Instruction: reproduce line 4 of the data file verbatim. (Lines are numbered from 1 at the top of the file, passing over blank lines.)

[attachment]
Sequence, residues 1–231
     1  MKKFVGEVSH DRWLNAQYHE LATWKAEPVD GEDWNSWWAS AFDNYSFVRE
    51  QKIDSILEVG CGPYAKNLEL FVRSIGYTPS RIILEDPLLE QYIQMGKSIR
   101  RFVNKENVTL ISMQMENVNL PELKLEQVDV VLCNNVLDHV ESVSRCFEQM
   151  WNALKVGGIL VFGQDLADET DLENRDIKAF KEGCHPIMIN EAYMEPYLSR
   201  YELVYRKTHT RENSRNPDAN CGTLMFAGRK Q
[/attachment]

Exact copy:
   101  RFVNKENVTL ISMQMENVNL PELKLEQVDV VLCNNVLDHV ESVSRCFEQM